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which becomes manifest to others in unbecoming self-inflation and self-exaltation. Let us guard against these tendencies by prayer and by the cultivation of humble, sober thought, remembering always the inspired teaching, “Let not thy left hand know what thy right hand doeth”; and with the apostles, let our rejoicing be this,—”the testimony of our conscience, that in simplicity and godly sincerity, not with fleshly wisdom [the wisdom of this world which depends on self and takes credit to self], but by the grace of God, we have had our conversation in the world.”—2 Cor. 1:12.
While the words of warning were solemnly given, the Lord did not forget to give them also words of encouragement, pointing them to the glory to follow the present scenes of suffering and humiliation, saying, “And I appoint unto you a kingdom, as my Father hath appointed unto me, that ye may eat and drink at my table and sit on thrones judging the twelve tribes of Israel.” Yes, the end of all the humiliation and cross-bearing and suffering according to the will of God in this present time was to be the glory of the kingdom and joint-heirship with Christ. But none can gain that glory except by the way of present humiliation and cross-bearing. “And he said to them all, If any man will come after me, let him deny himself, and take up his cross daily, and follow me.” “And whosoever doth not bear his cross and come after me cannot be my disciple.”—Luke 9:23; 14:27; Matt. 10:38.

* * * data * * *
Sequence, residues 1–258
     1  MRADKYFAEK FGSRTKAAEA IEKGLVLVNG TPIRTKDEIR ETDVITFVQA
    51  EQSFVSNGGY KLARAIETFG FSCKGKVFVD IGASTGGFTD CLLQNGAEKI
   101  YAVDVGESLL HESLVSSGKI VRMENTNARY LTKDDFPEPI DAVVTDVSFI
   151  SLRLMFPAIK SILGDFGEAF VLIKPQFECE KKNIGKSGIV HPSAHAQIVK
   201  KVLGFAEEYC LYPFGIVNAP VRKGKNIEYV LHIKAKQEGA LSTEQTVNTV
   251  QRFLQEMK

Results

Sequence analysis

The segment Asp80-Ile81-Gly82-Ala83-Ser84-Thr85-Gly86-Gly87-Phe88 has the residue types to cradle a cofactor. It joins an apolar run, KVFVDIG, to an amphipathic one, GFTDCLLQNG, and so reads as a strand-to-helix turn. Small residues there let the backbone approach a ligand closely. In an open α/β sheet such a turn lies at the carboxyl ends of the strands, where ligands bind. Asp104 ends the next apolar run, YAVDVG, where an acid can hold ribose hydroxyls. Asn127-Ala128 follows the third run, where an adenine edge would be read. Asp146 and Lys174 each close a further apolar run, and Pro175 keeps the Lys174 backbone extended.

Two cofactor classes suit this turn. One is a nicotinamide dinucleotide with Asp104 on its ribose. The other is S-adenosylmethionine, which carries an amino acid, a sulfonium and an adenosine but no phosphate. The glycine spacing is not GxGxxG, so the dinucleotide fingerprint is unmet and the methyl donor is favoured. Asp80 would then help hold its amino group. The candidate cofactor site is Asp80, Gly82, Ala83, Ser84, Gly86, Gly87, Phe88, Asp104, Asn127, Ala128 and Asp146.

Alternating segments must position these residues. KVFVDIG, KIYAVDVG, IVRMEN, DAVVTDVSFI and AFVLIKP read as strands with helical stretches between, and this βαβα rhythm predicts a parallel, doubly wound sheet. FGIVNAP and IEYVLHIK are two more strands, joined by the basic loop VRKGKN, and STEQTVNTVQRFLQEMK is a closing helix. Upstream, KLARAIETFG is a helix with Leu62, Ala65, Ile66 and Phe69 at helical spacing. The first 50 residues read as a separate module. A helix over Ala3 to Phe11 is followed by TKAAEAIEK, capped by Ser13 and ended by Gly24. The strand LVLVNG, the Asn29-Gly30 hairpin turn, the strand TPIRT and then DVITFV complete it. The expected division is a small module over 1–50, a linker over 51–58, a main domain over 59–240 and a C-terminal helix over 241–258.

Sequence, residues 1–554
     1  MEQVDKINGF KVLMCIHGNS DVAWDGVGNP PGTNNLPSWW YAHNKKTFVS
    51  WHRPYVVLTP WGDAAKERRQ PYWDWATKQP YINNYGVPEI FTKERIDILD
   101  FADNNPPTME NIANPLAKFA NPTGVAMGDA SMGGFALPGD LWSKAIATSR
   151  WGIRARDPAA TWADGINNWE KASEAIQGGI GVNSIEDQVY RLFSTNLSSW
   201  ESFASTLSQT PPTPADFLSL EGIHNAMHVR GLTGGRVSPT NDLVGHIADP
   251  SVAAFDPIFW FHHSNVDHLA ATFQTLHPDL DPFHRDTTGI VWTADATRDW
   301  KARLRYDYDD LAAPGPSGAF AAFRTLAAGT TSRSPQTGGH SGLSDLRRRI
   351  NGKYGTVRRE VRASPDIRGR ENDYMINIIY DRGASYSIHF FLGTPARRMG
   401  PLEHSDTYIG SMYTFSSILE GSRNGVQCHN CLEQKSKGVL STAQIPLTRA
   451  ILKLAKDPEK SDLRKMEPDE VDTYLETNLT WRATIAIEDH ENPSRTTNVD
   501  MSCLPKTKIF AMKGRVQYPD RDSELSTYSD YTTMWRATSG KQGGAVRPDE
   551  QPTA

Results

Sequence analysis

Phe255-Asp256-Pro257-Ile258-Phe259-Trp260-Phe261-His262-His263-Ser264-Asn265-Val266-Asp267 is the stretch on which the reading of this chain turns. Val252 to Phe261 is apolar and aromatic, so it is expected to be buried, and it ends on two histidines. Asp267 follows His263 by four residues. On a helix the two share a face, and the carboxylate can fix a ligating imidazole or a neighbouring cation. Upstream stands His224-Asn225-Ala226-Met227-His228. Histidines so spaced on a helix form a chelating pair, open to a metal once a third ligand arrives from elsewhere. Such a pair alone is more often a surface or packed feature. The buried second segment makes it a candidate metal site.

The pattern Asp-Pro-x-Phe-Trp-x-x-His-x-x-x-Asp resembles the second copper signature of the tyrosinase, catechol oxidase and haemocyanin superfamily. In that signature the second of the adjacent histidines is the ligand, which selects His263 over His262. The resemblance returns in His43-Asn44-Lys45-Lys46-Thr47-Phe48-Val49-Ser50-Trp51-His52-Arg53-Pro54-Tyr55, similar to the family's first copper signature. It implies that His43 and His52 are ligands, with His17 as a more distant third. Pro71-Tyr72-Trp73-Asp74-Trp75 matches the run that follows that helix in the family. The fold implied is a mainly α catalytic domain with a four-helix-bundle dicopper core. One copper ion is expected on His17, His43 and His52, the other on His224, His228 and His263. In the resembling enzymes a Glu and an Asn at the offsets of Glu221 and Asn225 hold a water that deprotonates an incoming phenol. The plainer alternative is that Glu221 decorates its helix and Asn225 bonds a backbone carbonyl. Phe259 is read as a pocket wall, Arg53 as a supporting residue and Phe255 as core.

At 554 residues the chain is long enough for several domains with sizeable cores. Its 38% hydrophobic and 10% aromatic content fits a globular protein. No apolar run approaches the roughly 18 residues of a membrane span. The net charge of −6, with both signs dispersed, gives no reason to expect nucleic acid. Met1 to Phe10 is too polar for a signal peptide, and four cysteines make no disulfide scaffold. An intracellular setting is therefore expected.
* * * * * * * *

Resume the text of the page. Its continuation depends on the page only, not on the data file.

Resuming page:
This present Gospel age is the appointed time for this cross-bearing, when all the true members of the body must “fill up that which is behind of the sufferings of the Christ”; for the body, as was also the Head, must be subjected to the discipline of suffering and thereby be proved worthy to reign with him. It is important, therefore, that we realize this; for if we turn aside from the path of humiliation and daily cross-bearing, and strive for present exaltation and preferment, we are forgetting the very conditions upon which the future exaltation depends, and seeking instead the mean rewards of the present.
In verses 35-37 the Lord indicated that the disciples would henceforth meet with changed conditions in their work. Hitherto he had sent them out without purse or scrip or shoes (Mark 6:7-11) to preach the gospel of the Kingdom to a covenant people whose duty it was to receive and entertain the messengers of the Lord, and whose receiving or rejecting of them would be a test of their fidelity to God as his covenant people. In receiving the disciples of Christ they were to that extent receiving Christ, and the Father also whom he represented—”He that receiveth you receiveth me; and he that receiveth me receiveth him that sent me.”—Matt. 10:40.